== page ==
Rectal infections with chlamydia and gonorrhoea in women attending a multiethnic sexually transmitted diseases urban clinic

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34 Citations (Scopus)

Abstract

Sexually transmitted rectal infections with Chlamydia trachomatis (CT) and Neisseria gonorrhoeae (GC) have been well documented in men who have sex with men (MSM). Few studies have described infections in women who engage in anal intercourse. We performed testing for rectal infections in women who reported ano-receptive intercourse at the Miami Dade Health Department Sexually Transmitted Diseases (STD) clinic and report the prevalence and characteristics of women with rectal CT or GC infections. Our results revealed a prevalence of 17.5% for rectal chlamydia and 13.4% for rectal gonorrhoea. Urine-based screening alone would have missed 6% of rectal chlamydia infections and 35% of rectal gonorrhoea infections. Anal symptoms were reported in 12.5% of women with rectal chlamydia infections. The only associated factor identified was an age less than 28 years. We conclude that rectal screening for CT and GC should be included in STD prevention strategies, especially in the younger population.

Original languageEnglish
Pages (from-to)819-822
Number of pages4
JournalInternational Journal of STD and AIDS
Volume21
Issue number12
DOIs
StatePublished - Dec 1 2010

Fingerprint

Chlamydia Infections
Gonorrhea
Sexually Transmitted Diseases
Chlamydia trachomatis
Infection
Chlamydia
Neisseria gonorrhoeae
Urine
Health
Population

Keywords

  • Chlamydia trachomatis
  • Neisseria gonorrhoeae
  • Rectal infections
  • Screening
  • Sexually transmitted infections
  • Women

ASJC Scopus subject areas

  • Dermatology
  • Public Health, Environmental and Occupational Health
  • Pharmacology (medical)
  • Infectious Diseases

Cite this

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title = "Rectal infections with chlamydia and gonorrhoea in women attending a multiethnic sexually transmitted diseases urban clinic",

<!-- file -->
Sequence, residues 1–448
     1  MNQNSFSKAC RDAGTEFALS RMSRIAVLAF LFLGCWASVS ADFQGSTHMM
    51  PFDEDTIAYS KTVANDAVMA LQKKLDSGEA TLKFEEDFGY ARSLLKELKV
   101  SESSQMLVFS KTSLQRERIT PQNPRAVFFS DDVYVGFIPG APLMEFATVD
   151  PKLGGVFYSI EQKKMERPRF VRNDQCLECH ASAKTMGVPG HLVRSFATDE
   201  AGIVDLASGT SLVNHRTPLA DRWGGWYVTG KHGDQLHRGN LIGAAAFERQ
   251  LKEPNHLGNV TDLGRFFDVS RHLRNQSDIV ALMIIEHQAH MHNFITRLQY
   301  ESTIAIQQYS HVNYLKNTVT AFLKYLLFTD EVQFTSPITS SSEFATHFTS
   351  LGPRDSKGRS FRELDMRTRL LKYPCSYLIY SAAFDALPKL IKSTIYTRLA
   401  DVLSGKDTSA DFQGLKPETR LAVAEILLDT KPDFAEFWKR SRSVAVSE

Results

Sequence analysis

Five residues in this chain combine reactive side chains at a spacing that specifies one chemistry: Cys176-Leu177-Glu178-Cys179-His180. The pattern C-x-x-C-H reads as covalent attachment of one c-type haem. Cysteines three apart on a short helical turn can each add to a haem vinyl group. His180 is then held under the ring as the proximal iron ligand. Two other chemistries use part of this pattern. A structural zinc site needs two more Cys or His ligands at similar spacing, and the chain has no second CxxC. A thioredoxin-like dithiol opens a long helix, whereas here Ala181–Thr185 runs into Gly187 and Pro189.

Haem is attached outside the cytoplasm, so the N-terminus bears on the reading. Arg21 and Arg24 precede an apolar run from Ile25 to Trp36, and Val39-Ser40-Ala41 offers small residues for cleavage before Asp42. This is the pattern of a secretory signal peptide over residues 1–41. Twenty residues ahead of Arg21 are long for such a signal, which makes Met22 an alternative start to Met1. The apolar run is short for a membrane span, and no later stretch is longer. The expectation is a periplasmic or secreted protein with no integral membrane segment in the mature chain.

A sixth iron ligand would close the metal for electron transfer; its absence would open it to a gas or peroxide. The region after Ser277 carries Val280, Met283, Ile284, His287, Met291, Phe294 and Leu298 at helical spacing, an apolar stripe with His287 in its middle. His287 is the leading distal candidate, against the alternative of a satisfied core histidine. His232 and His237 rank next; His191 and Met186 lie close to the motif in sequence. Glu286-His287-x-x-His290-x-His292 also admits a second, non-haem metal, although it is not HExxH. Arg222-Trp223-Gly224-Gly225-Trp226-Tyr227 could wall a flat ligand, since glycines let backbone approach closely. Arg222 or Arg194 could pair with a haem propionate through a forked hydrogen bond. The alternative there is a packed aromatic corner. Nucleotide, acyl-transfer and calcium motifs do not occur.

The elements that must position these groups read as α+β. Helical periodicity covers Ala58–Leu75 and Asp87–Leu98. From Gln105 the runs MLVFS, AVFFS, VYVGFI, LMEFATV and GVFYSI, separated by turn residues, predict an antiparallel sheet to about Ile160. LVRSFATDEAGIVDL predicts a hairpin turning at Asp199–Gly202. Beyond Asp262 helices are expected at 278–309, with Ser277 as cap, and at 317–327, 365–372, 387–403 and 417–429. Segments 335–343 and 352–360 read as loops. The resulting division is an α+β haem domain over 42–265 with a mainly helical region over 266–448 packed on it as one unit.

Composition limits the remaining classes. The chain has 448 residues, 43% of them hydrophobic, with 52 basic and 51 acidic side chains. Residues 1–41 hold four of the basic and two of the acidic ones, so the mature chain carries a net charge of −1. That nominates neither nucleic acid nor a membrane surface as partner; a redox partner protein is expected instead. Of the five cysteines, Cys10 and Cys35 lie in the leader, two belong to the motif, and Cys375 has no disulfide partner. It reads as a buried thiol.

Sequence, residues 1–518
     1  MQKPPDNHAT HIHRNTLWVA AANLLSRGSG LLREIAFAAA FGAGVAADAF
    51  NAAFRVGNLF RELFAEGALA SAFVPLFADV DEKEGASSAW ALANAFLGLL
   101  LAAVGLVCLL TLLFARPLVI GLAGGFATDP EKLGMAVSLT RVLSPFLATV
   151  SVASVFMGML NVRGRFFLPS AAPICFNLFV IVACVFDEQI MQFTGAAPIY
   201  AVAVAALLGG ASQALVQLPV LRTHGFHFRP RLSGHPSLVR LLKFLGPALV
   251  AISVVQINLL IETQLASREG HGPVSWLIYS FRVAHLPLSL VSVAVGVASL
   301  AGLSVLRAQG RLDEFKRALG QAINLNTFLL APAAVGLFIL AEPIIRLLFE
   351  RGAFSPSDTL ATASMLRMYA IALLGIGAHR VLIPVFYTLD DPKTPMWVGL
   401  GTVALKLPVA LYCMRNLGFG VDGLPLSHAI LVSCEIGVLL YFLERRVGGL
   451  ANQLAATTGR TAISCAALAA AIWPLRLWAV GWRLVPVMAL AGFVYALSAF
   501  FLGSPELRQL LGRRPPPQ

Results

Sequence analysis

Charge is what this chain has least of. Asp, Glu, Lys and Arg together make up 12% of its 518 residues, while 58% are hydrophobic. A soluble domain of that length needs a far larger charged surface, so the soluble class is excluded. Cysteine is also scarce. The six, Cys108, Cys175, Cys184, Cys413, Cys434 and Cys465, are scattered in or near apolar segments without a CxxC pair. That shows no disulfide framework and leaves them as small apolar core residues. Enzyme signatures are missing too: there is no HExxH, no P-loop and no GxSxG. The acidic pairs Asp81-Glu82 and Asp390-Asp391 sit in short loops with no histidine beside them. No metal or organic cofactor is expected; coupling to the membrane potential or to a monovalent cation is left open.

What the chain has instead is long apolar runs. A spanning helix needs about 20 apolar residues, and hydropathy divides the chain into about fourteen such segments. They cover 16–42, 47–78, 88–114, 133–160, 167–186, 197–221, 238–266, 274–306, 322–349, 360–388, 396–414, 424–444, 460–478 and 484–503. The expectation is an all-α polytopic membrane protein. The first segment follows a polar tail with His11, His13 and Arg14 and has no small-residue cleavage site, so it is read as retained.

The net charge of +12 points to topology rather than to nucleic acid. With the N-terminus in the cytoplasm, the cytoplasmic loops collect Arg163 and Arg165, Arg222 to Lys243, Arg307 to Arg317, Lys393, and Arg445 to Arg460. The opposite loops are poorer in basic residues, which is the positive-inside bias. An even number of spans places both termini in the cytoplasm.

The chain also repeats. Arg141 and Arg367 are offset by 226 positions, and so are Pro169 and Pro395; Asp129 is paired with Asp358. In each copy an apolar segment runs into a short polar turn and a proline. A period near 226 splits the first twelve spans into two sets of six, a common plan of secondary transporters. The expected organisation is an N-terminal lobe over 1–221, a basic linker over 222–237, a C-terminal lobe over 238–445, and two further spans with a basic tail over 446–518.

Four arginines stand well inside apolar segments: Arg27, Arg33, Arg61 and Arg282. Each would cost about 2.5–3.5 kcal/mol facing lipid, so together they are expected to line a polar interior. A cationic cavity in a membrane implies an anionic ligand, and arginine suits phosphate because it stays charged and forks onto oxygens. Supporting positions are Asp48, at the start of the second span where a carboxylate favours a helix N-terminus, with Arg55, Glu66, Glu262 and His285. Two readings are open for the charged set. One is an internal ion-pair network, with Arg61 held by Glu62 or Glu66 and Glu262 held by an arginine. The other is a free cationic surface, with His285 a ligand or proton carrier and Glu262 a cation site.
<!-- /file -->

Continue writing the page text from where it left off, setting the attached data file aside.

abstract = "Sexually transmitted rectal infections with Chlamydia trachomatis (CT) and Neisseria gonorrhoeae (GC) have been well documented in men who have sex with men (MSM). Few studies have described infections in women who engage in anal intercourse. We performed testing for rectal infections in women who reported ano-receptive intercourse at the Miami Dade Health Department Sexually Transmitted Diseases (STD) clinic and report the prevalence and characteristics of women with rectal CT or GC infections. Our results revealed a prevalence of 17.5{\%} for rectal chlamydia and 13.4{\%} for rectal gonorrhoea. Urine-based screening alone would have missed 6{\%} of rectal chlamydia infections and 35{\%} of rectal gonorrhoea infections. Anal symptoms were reported in 12.5{\%} of women with rectal chlamydia infections. The only associated factor identified was an age less than 28 years. We conclude that rectal screening for CT and GC should be included in STD prevention strategies, especially in the younger population.",
keywords = "Chlamydia trachomatis, Neisseria gonorrhoeae, Rectal infections, Screening, Sexually transmitted infections, Women",
author = "T. Hunte and Alcaide, {Maria L} and Castro, {Jose G}",
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AB - Sexually transmitted rectal infections with Chlamydia trachomatis (CT) and Neisseria gonorrhoeae (GC) have been well documented in men who have sex with men (MSM). Few studies have described infections in women who engage in anal intercourse. We performed testing for rectal infections in women who reported ano-receptive intercourse at the Miami Dade Health Department Sexually Transmitted Diseases (STD) clinic and report the prevalence and characteristics of women with rectal CT or GC infections. Our results revealed a prevalence of 17.5% for rectal chlamydia and 13.4% for rectal gonorrhoea. Urine-based screening alone would have missed 6% of rectal chlamydia infections and 35% of rectal gonorrhoea infections. Anal symptoms were reported in 12.5% of women with rectal chlamydia infections. The only associated factor identified was an age less than 28 years. We conclude that rectal screening for CT and GC should be included in STD prevention strategies, especially in the younger population.

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